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Jahlil Okafor: Low risk, high reward option for the Cavs

Jahlil Okafor: Low risk, high reward option for the Cavs

As the Cleveland Cavaliers begin their rebuild after LeBron James announced he would be signing with the Los Angeles Lakers, adding young talent to the roster needs to be the priority. This means the Cavaliers will need to take risks, and big man Jahlil Okafor is one risk worth taking.

Out of the 11 players signed for next season, five will be 30 years or older by the time the 2018-2019 campaign ends. In fact, the Cavs have only five players on the roster younger than 25, and that’s including Okaro White, who never even stepped onto the floor for the team last season.

As of now, $83 million will be paid to Kevin Love, George Hill, Tristan Thompson, J.R. Smith, and Kyle Korver next year. Ideally, all would be traded before the season begins in order to give younger players more minutes. However, their contracts make them all difficult to move.

kyle korver

Love and Korver would be easiest to deal, as they can both help contending teams. Hill and Smith’s contracts both become essentially expiring next season, giving them some value for cap-needy teams. Thompson, however, is a negative trade asset, as he is not a great player and his contract extends through the 2019-2020 season.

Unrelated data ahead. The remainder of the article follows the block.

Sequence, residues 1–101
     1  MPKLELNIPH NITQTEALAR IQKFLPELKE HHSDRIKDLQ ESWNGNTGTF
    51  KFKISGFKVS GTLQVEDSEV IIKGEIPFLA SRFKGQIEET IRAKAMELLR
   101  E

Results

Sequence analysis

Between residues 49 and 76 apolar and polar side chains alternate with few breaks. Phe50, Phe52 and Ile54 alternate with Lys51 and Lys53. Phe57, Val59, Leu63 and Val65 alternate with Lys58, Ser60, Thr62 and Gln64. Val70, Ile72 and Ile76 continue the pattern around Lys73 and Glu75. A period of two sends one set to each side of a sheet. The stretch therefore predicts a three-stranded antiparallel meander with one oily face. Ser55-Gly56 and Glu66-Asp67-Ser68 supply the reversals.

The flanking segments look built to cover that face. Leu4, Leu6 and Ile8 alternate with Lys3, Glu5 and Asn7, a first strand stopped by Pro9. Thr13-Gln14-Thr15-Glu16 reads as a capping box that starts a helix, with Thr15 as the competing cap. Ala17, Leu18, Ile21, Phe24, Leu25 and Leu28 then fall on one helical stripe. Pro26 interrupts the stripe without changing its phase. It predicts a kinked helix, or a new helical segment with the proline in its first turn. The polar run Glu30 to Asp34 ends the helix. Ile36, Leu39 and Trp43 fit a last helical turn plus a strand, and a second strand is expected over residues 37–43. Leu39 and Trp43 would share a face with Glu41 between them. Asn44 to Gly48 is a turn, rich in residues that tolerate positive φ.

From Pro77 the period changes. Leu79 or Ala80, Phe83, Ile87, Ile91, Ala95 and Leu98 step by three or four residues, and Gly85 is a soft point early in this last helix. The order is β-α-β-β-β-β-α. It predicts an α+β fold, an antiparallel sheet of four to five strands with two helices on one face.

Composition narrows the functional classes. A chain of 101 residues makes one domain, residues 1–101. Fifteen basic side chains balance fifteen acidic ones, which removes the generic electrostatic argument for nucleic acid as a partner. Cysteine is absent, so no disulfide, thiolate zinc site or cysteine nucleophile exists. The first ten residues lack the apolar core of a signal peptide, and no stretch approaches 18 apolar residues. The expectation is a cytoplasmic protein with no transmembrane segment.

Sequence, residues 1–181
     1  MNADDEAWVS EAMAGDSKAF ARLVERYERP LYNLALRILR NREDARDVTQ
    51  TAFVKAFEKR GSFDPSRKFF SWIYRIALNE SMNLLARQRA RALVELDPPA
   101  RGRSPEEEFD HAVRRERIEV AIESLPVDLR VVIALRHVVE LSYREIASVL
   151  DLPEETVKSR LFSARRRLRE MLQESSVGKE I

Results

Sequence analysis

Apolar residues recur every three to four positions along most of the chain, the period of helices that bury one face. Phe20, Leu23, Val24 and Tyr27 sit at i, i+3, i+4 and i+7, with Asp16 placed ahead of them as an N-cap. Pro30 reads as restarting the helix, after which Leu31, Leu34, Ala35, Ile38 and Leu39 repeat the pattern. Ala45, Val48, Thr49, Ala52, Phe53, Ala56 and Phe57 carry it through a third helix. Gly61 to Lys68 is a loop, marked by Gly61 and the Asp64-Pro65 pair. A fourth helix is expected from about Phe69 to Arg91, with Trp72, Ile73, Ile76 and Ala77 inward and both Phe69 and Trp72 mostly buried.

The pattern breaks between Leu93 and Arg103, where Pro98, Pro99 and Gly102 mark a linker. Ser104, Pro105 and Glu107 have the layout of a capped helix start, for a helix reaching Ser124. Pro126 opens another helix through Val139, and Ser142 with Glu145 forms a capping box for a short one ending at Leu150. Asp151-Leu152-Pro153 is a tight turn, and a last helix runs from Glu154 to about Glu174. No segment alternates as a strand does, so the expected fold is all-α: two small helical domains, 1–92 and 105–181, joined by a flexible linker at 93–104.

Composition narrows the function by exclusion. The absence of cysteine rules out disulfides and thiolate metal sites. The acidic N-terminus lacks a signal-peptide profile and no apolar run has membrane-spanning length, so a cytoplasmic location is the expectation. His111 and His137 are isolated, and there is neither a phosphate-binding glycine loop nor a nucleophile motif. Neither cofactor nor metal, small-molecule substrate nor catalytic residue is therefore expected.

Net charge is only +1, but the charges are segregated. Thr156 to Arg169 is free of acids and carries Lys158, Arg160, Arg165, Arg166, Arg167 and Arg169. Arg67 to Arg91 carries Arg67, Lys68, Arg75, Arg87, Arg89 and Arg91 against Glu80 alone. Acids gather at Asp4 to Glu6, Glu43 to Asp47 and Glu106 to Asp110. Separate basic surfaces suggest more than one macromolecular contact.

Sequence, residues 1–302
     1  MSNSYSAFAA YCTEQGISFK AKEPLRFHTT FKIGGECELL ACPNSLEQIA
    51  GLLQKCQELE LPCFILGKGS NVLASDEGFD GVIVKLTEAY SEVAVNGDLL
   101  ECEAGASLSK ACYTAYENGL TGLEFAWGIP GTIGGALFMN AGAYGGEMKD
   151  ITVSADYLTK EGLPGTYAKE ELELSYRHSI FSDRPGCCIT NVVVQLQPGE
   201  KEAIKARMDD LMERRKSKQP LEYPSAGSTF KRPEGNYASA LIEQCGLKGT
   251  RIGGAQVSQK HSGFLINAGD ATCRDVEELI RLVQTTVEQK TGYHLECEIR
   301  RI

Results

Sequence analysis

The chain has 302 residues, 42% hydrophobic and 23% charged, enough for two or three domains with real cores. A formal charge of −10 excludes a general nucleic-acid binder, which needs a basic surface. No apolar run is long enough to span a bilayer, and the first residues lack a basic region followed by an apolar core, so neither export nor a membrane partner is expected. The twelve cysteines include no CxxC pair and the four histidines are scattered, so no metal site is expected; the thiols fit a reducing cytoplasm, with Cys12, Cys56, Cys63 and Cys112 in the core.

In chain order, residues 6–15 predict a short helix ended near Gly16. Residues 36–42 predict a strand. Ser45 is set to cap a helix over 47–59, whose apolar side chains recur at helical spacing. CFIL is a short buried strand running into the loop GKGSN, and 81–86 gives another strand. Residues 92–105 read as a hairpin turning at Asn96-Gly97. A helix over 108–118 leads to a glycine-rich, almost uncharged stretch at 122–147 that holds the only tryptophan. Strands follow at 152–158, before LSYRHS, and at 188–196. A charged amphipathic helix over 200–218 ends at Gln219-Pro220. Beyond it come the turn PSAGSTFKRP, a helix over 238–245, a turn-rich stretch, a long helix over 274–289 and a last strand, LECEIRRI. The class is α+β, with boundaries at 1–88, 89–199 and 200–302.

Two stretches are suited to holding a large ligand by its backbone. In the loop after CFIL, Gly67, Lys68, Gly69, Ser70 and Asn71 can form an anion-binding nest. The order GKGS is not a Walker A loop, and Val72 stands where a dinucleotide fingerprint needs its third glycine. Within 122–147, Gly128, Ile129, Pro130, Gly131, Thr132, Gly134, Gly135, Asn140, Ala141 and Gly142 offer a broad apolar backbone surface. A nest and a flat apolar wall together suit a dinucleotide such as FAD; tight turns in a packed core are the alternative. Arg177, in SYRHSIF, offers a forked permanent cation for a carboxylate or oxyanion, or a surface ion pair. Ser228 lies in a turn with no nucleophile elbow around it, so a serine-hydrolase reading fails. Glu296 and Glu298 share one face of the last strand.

This is all to say that whether the top of the roster is churned or not, Cleveland needs younger and cheaper options to build their team. The center position is especially in need, as Thompson and second-year player Ante Zizic are the only true big men on the roster. Zizic played quite well when he was actually on the court, but averaged only 6.7 minutes in 32 games. He has a lot of potential to develop into a very good center, but he may not be ready for a massively increased role next season.

So the Cavs need a young center who can play significant minutes, whether starting or coming off the bench. There aren’t exactly many options, with the NBA shifting ever more quickly towards making the traditional center obsolete.

Former third overall pick Jahlil Okafor is a victim of this shift. He was a dominant big man at Duke, leading the Blue Devils to a national championship during his freshman season. He was drafted third by the Philadelphia 76ers in the 2015 NBA Draft, and made an instant impact, making the 2015-2016 All-Rookie Team. He averaged 17.5 points, 7 rebounds, and 1.2 blocks in 30 minutes per game.

On paper, Okafor looked like a fantastic young player who would lead the Sixers for years to come.

However, things quickly changed for Okafor. After both he and Nerlens Noel averaged around 30 minutes per night in 2015-2017, Noel was traded to the Dallas Mavericks one-fourth of the way through the season. This would have opened up even more playing time for Okafor, if not for Dario Saric and Joel Embiid.

Saric was a highly-touted foreign prospect from Croatia who made the All-Rooke Team in his inaugrual campaign, averaging 12.8 points, 6.3 rebounds, and 2.2 assists in 26 minutes per game. But Saric is a power forward and Okafor a center. Playing time shouldn’t be a problem.